Researchers explore potential reasons for cross-generation differences in problem drinking

Problem drinking has become more common in the US in recent decades. The San Diego Prospective Study (SDPS), which began in 1978, revealed an almost two-fold increase in alcohol problems and alcohol use disorder among the current generation of young-adult drinkers compared to their fathers ─with similar increases reported in large nationwide surveys. In a new report of the SDPS published in the journal Alcoholism: Clinical & Experimental Research, investigators from the University of California explore potential reasons for these cross-generation differences.

The researchers analyzed data from interviews with over four hundred of the original (all male) participants of the SDPS, obtained when they were aged around 30 years, in addition to recent data from over two hundred of their adult offspring (male and female), obtained at a similar age using the same questions. By applying a range of analytical approaches, the team were able to identify three characteristics that were consistently associated with greater alcohol problems in the second generation.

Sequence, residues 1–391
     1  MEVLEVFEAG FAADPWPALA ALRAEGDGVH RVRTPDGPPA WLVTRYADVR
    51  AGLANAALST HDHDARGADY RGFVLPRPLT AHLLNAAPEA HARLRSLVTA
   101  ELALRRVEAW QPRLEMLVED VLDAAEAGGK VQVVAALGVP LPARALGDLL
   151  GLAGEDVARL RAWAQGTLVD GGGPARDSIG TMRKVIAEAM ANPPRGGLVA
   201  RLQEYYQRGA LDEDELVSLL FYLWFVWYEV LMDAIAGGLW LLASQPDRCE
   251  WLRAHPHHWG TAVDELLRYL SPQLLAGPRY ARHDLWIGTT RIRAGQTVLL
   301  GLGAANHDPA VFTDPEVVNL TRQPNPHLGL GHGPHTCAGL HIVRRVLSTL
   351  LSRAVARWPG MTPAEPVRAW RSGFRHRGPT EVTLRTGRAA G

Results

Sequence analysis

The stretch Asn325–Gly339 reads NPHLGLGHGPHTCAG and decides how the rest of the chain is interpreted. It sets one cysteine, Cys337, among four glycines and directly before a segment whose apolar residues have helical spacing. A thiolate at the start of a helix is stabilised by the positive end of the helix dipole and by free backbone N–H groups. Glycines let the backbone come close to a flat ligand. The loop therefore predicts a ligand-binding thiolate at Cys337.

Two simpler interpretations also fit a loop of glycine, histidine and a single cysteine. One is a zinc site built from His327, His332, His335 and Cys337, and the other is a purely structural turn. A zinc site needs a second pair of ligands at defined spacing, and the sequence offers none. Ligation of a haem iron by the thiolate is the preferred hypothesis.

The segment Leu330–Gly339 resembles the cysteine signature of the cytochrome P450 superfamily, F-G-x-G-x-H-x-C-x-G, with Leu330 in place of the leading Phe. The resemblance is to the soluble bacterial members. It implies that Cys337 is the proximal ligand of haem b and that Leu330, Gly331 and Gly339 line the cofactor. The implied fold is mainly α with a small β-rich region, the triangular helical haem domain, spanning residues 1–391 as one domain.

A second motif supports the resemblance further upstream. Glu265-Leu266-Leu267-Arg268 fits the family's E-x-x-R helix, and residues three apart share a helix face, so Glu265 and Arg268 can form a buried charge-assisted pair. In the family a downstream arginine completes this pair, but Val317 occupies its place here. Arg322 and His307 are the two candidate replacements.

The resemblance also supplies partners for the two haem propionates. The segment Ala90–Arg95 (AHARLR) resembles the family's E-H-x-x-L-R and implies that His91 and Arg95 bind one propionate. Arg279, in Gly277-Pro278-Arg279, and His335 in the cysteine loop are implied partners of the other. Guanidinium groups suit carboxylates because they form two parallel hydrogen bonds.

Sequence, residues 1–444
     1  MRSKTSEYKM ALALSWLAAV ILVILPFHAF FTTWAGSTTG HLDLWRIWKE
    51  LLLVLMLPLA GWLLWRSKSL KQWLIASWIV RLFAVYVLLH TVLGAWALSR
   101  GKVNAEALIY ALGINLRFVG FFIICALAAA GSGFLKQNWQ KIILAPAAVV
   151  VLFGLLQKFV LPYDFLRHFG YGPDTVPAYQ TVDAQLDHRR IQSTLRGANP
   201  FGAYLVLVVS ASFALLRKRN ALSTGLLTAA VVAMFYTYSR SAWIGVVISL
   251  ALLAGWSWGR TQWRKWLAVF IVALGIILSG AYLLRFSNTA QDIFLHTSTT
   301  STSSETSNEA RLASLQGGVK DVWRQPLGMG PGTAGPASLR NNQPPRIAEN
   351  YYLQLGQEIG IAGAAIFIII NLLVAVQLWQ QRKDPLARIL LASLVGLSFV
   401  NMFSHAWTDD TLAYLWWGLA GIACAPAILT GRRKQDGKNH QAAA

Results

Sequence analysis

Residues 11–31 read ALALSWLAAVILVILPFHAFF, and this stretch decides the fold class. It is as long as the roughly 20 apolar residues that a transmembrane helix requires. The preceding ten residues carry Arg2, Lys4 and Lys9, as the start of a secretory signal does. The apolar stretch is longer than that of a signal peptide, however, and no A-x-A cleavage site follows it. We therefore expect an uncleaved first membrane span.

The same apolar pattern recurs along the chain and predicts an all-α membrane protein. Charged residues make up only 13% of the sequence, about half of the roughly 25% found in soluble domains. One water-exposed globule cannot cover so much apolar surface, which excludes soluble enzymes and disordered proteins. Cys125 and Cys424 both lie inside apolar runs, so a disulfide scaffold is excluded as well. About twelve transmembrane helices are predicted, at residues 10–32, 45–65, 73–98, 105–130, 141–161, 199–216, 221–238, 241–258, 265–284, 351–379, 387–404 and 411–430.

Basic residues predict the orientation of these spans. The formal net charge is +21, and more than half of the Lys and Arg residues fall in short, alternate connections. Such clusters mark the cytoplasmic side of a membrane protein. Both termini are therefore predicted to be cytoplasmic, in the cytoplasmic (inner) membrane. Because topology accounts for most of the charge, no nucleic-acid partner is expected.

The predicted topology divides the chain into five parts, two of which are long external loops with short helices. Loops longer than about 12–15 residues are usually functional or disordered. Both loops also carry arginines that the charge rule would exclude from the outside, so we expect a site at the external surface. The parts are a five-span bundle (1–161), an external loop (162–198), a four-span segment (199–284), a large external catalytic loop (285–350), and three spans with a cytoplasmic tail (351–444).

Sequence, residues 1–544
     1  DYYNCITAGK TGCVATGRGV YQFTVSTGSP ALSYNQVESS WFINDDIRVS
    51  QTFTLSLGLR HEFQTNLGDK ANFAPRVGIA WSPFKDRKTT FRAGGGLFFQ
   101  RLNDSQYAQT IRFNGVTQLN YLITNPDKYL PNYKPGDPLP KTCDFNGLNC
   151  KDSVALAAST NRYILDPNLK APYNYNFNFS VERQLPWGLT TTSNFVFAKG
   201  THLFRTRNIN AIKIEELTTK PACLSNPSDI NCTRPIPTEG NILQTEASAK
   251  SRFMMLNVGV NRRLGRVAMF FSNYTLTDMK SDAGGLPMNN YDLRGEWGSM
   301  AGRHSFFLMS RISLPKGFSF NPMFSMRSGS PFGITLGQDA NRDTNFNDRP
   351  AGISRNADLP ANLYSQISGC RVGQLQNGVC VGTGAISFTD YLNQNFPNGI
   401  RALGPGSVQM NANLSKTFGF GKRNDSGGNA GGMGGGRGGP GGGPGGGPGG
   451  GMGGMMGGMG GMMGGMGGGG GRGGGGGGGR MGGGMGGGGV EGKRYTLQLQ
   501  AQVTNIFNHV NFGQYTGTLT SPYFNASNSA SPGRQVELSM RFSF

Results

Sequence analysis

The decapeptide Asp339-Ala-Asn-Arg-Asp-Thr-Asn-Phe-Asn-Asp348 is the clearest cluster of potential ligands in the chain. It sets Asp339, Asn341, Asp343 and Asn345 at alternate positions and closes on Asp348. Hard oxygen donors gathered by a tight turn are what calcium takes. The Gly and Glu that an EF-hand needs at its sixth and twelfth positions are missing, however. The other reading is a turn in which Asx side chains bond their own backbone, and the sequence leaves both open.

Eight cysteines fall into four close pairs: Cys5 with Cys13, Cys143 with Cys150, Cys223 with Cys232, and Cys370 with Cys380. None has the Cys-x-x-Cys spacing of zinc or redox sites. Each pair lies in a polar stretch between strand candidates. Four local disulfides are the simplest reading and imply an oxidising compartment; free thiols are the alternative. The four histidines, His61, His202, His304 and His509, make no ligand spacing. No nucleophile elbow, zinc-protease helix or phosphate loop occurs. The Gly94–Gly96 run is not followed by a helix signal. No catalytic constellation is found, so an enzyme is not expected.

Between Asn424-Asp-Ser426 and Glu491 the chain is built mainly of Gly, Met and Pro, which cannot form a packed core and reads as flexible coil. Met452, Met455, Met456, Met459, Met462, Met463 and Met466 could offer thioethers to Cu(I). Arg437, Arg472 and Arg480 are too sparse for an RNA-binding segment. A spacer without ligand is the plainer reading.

First, the data highlight a more robust relationship to alcohol problems for offspring who have what is known as a low 'level of response' to alcohol ─i.e. for those who from an early age need to drink larger quantities of alcohol to become intoxicated. Although the actual level of response to alcohol remained constant across the generations, a low level was more strongly associated with alcohol problems in the second generation. Second, both male and female offspring were more likely than the previous generation to have more positive expectations of the effects of alcohol ─such as a belief that drinking makes parties more fun. Higher 'alcohol expectancies' were strongly associated with alcohol problems among the offspring. Third, the adult children (particularly males) scored more highly than their forebears on measures of impulsivity, another significant predictor of alcohol problems in the second generation.

The availability of data across generations of the same families offered a unique opportunity to explore just some of the factors that may have contributed to the substantial rise in alcohol problems and alcohol use disorder in recent decades. If replicated in further studies, the findings could inform strategies to mitigate the development of alcohol problems among the current generation of young adult drinkers.


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